Google

Submission + - Google Launches Public DNS Resolver (blogspot.com)

AdmiralXyz writes: Google has announced the launch of their free DNS resolution service, called Google Public DNS. According to their blog post, Google Public DNS uses continuous record prefetching to avoid cache misses- hopefully making the service faster- and implements a variety of techniques to block spoofing attempts. They also say that (unlike an increasing number of ISPs), Google Public DNS behaves exactly according to the DNS standard, and will not redirect you to advertising in the event of a failed lookup. Very cool, but of course there are questions about Google's true motivations behind knowing every site you visit...
Science

Submission + - Scientists discover how DNA is folded within the n (sciencedaily.com)

mikael writes: Sciencedaily.com is reporting that scientists have discovered how DNA is folded within the nucleus of a cell such that active genes remain accessible without becoming tangled. The first observation is that genes are actually stored in two locations. The first location acts as a cache where all active genes are kept. The second location is a more denser storage area where inactive genes are kept. The second observation is that all genes are stored as http://web.mit.edu/newsoffice/2009/3d-genome.html ">fractal globules which allows genes that are used together to be adjacent to each other when folded, even though they may be far apart when unfolded.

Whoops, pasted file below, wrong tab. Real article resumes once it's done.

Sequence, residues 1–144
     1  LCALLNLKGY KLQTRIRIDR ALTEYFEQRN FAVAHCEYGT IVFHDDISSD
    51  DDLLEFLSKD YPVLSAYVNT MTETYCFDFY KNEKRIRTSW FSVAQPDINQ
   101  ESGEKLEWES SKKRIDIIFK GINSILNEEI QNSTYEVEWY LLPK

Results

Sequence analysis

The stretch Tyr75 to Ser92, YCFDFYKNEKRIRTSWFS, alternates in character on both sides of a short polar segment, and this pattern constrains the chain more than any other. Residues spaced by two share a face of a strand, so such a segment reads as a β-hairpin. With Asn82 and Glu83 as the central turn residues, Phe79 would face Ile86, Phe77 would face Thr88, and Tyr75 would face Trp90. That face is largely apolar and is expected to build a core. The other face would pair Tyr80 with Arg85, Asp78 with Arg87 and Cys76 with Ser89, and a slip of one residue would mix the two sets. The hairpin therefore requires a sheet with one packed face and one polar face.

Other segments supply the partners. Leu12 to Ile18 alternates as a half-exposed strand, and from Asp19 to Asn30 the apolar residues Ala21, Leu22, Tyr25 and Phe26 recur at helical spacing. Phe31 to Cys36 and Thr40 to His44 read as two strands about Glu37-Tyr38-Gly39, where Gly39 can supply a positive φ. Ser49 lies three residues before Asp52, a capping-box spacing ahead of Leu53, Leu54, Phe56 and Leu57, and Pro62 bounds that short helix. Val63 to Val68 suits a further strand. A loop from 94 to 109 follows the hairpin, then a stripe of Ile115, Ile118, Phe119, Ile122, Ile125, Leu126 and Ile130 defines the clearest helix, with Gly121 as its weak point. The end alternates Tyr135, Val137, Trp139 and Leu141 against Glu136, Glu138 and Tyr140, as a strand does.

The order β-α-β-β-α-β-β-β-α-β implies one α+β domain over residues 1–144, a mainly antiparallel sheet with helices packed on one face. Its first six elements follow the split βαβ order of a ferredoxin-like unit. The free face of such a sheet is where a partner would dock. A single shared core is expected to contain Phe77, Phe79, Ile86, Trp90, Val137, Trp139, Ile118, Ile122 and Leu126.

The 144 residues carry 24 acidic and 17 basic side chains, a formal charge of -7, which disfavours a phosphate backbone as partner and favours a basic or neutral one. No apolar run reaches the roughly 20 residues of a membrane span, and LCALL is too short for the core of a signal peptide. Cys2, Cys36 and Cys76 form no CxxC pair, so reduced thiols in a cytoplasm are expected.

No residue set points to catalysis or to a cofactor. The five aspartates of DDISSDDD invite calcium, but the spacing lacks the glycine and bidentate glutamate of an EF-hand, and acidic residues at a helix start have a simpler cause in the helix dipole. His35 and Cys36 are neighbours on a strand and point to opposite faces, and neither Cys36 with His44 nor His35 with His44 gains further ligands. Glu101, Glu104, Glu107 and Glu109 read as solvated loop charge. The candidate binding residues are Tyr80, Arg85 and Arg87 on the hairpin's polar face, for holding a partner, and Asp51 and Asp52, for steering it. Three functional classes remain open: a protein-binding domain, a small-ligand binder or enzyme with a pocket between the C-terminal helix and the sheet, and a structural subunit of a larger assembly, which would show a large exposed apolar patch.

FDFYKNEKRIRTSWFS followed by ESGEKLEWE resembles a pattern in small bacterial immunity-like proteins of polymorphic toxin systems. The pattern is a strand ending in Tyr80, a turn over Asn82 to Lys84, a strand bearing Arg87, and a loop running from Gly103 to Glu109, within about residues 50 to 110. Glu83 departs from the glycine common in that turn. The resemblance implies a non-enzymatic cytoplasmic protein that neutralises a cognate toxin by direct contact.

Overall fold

Medicine

Submission + - H2S might be key to suspended animation. (cnn.com)

Ch_Omega writes: According to this article, Mark Roth, a biologist at the Fred Hutchinson Cancer Research Center, has been able to put fish embryos, fruit flies and even mice in what can be described as a form of suspended animation. From the article:

"The air we breathe is 21 percent oxygen. At 5 percent, (...) fish and flies — like us — would be dead in a few minutes. At 0.1 percent, it [is] another story. "You get a state of suspended animation and the creatures do not pass away, and that's the basis of what we see as an alternative way to think about critical care medicine," Roth says. "What you want to do is to have the patient's time slowed down, while everyone around them [like doctors] move at what we would call real time. (...) While it's true we need oxygen to live, it's also a toxin. (...) Scientists are starting to understand that death isn't caused by oxygen deprivation itself, but by a chain of damaging chemical reactions that are triggered by sharply dropping oxygen levels. The thing is, those reactions require the presence of some oxygen. Hydrogen sulfide takes the place of oxygen, preventing those reactions from taking place. No chain reaction, no cell death. The patient lives."

Comment Re:How about Air Traffic Control? (Score 1) 158